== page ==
Nintendo Australia had invited sick children to their Pokemon Anniversary event to give them something to look forward to. The event hosted many Pokemon battles and Trivia challenges for the children to participate in. “Anything we can do to help entertain, amuse, and bring some joy to their lives is especially rewarding for all of us at Nintendo,” says Nintendo Australia’s Director of Sales and Marketing, Rose Lappin.
Let’s talk about another organization called Core Gaming.
Core Gaming is a representative of Nintendo in South Africa. Core Gaming donated six Nintendo DS Lite handheld consoles with copies of the game Professor Layton and the Curious Village to the haematology ward of South Africa’s Groote Schuur Hospital. The donations were an effort to help cancer patients pass the time with entertainment while taking chemotherapy treatments. These bone marrow transplant patients are forced to spend at least six weeks (the average) in an isolation room to prevent infection. The only thing they have to stare at is a television. You can imagine that isolation causes a lack of mental stimulation which later leads to depression. Because patients are normally from out of town, the visits from friends and family during the six week isolation period are normally infrequent. With the Nintendo DS donations (and Professor Layton), they can pass the time keeping their mind off of negative thoughts with some great interactive entertainment.
Core Gaming’s general manager Matthew Grose said, “When we heard about the plight of the patients in Groote Schuur’s Haematology ward, we immediately thought of the Nintendo DS Lite game, Professor Layton and the Curious Village, which is guaranteed to keep players entertained for hours at a time. We have decided to donate six Nintendo DS Lite consoles, along with the game to the hospital – a console for each isolation room within the ward – so there will always be something fun and stimulating for the patients to do.”
Eldré Strydom had also shown excitement over the donations:
“Eldre continued, “I also believe that by giving the patients something with which to pass the time, these games could greatly improve their cancer journey in terms of their mental alertness, psychological wellbeing and the ability to stay positive.”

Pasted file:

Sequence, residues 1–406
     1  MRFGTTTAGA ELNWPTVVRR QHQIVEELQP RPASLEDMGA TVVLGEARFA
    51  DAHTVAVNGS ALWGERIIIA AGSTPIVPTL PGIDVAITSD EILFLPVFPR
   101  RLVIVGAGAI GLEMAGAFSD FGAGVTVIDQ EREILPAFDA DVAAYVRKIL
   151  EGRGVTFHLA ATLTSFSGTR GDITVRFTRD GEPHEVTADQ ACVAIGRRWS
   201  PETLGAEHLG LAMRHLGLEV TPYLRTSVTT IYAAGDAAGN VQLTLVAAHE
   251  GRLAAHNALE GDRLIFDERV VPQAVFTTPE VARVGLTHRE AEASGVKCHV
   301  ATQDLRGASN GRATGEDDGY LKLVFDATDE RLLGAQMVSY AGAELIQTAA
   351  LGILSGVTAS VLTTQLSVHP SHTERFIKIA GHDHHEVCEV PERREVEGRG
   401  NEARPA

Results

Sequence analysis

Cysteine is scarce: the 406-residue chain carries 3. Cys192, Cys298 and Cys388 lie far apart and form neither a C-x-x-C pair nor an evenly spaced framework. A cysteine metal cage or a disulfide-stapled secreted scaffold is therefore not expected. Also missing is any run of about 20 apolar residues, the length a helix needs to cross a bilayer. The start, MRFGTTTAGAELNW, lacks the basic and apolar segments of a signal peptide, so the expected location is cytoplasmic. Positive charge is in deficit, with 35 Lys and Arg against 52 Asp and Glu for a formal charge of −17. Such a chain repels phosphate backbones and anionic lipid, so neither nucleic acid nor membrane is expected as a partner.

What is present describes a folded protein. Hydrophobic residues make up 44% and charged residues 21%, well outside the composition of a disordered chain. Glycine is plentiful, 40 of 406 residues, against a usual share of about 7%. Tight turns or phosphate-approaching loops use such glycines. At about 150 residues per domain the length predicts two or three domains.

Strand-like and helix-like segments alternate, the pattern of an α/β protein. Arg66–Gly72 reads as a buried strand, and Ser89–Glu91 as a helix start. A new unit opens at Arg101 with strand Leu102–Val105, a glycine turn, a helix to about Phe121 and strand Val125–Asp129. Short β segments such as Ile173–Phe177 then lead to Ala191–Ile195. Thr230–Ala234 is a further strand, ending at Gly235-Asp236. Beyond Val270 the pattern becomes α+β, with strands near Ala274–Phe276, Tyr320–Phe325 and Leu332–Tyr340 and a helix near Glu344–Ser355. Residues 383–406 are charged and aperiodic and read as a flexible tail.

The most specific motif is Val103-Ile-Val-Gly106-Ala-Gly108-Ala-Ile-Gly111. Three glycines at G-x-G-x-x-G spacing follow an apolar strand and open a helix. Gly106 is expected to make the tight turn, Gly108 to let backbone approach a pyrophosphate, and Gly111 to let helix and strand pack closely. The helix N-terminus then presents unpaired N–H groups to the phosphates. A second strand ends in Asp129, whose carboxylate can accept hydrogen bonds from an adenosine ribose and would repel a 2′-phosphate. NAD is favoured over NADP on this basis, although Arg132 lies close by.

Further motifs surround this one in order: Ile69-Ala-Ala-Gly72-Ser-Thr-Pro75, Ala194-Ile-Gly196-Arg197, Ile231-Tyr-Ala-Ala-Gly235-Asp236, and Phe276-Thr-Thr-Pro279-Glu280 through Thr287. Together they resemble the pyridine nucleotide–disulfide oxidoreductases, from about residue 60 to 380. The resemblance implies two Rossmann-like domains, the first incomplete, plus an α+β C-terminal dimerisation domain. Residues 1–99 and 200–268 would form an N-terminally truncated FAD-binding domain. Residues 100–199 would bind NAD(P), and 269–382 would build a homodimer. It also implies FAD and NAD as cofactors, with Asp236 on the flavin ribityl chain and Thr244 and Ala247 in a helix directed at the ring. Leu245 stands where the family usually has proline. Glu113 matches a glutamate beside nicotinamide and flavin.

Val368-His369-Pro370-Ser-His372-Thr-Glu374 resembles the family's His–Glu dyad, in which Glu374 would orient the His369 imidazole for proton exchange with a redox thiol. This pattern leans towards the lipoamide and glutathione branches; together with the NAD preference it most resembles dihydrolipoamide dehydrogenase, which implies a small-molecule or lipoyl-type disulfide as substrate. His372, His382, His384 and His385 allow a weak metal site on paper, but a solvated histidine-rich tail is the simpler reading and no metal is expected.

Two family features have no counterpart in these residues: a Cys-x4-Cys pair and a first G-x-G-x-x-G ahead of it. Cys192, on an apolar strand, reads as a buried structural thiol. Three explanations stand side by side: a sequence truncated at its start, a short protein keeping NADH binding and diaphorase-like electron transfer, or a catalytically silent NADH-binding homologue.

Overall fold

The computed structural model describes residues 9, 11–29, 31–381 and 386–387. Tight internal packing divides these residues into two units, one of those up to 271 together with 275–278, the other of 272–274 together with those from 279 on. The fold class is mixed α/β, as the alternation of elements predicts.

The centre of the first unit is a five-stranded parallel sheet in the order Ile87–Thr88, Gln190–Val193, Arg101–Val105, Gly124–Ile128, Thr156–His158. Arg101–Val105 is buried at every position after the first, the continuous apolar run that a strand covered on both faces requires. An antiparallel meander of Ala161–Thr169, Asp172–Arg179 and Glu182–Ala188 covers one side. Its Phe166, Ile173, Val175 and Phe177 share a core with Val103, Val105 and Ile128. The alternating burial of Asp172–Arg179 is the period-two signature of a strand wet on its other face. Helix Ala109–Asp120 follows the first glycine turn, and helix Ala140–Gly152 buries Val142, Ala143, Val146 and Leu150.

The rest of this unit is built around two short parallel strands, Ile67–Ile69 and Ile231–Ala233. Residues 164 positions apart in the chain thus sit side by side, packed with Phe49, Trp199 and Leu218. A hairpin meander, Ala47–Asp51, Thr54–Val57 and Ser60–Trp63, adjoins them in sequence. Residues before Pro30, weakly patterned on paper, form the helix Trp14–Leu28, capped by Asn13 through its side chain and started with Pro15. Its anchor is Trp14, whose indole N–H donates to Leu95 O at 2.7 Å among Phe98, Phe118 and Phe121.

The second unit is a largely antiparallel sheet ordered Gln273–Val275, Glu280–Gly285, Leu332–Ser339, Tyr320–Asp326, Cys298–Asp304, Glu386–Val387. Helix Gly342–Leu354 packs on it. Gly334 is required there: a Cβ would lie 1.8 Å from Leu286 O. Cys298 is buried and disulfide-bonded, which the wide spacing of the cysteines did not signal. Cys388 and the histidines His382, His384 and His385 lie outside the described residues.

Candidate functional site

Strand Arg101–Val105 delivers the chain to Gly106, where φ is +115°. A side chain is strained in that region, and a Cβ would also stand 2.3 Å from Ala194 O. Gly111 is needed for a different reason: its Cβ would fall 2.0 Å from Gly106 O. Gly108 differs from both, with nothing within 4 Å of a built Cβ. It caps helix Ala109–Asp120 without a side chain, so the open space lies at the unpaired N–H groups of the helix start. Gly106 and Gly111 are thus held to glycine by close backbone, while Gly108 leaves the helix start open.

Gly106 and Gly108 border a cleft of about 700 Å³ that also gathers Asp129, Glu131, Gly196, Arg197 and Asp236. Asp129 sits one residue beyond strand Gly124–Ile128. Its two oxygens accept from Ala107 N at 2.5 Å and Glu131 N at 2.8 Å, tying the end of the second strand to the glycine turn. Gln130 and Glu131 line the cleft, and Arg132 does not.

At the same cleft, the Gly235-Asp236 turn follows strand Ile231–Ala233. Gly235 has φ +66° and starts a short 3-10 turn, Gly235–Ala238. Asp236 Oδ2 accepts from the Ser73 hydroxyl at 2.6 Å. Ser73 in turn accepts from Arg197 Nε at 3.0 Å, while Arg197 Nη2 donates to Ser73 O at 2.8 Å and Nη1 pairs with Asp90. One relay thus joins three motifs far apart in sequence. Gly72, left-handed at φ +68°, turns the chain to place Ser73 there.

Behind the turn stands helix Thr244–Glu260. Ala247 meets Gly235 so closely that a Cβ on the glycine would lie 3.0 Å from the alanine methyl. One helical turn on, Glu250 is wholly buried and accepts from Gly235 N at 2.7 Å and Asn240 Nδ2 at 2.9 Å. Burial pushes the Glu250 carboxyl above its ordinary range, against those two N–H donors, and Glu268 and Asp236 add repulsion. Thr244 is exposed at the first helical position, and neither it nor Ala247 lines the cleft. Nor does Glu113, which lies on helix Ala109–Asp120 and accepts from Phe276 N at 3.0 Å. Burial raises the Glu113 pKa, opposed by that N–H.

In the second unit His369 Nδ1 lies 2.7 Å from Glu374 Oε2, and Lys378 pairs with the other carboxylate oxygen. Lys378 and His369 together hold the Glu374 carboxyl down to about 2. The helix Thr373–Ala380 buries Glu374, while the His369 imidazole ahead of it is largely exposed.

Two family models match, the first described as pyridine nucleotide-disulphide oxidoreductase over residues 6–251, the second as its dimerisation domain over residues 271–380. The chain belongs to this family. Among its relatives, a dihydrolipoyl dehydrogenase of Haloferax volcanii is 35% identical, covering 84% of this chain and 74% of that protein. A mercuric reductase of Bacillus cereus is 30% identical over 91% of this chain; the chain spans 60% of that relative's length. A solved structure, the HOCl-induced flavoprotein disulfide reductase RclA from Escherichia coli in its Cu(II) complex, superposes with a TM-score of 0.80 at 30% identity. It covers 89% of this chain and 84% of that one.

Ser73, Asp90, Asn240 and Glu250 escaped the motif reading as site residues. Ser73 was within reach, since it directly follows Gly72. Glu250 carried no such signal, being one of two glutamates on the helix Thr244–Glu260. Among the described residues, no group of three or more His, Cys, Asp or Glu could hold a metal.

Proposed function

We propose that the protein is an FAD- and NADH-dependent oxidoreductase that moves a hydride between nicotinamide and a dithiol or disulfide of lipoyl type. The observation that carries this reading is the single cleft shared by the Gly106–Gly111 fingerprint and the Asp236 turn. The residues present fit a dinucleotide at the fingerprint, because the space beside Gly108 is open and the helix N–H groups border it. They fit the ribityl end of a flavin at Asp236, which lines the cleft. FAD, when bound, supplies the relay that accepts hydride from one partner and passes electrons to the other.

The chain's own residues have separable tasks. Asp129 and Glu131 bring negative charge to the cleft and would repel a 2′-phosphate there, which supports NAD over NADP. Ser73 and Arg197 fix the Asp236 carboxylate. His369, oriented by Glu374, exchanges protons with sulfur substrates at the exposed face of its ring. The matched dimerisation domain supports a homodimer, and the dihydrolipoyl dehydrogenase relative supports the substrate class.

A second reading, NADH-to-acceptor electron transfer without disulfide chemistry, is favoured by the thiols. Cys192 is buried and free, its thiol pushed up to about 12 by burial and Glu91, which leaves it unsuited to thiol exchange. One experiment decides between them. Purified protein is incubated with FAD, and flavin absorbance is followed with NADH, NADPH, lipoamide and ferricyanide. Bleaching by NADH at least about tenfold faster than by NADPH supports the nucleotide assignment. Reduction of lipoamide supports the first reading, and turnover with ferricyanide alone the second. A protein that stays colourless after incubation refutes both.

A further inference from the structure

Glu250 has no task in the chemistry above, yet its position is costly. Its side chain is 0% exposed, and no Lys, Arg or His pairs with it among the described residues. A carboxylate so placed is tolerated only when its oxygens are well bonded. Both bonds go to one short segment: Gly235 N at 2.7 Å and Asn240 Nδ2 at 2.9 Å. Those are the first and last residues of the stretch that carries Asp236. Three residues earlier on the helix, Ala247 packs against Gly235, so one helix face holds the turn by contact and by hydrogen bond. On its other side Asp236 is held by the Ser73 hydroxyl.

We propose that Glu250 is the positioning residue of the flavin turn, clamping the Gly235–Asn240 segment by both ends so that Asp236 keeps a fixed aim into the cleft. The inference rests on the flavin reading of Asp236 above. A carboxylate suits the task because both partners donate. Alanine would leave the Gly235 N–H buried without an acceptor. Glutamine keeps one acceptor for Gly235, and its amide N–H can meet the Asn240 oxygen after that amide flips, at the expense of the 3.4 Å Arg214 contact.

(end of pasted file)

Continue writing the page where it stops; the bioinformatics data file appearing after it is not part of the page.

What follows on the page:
Hiroshi Yamauchi, was the former president of Nintendo between 1949 to 2002. Yamauchi passed the torch to Satoru Iwata, and it was under Iwata where the Wii/DS gave Nintendo good fortunate. Interestingly enough, Nintendo’s biggest shareholder is still Hiroshi Yamauchi. Yamauchi is considered one of the richest men in the world.
In an act of kindness and generosity, Yamauchi donated almost 7.5 billion yen (about $83 million) to build a new cancer hospital in Kyoto, Japan where Nintendo’s headquarters are located. On May 18th, 2010 the hospital opened its door.
The reason Nintendo fans are attached to Nintendo is because they feel Nintendo has had a major positive impact on their life. It is easy to call Nintendo fans a bunch of Mario loving zombies, but the truth is, Nintendo wouldn’t have such a legion of loyal fans if they didn’t contribute something extremely positive to society. Nintendo gains a legion of fans because they give us timeless characters, unforgettable memories, gaming innovations, and things for us to look forward to every E3.
Heck, Nintendo accidentally gave us PlayStation.
Most people forget that behind every game, there are people working around the clock under deadlines to create something that will put a smile on your face or brighten up your day. That goes for any game whether it is from Nintendo, Sony, Microsoft, Ubisoft, Sega, THQ, Warner Bros, Rockstar, etc. Sadly, this becomes forgotten too quickly since the gaming media is so focused on console wars and overall power/performance of gaming hardware.
Some analysts believe Nintendo should stop making hardware and stick to software. I would respectfully disagree because I believe Nintendo’s hardware has done more good for the industry and society than anyone likes to pretend. If Nintendo bailed out of the hardware business, it would be one of the saddest days in gaming.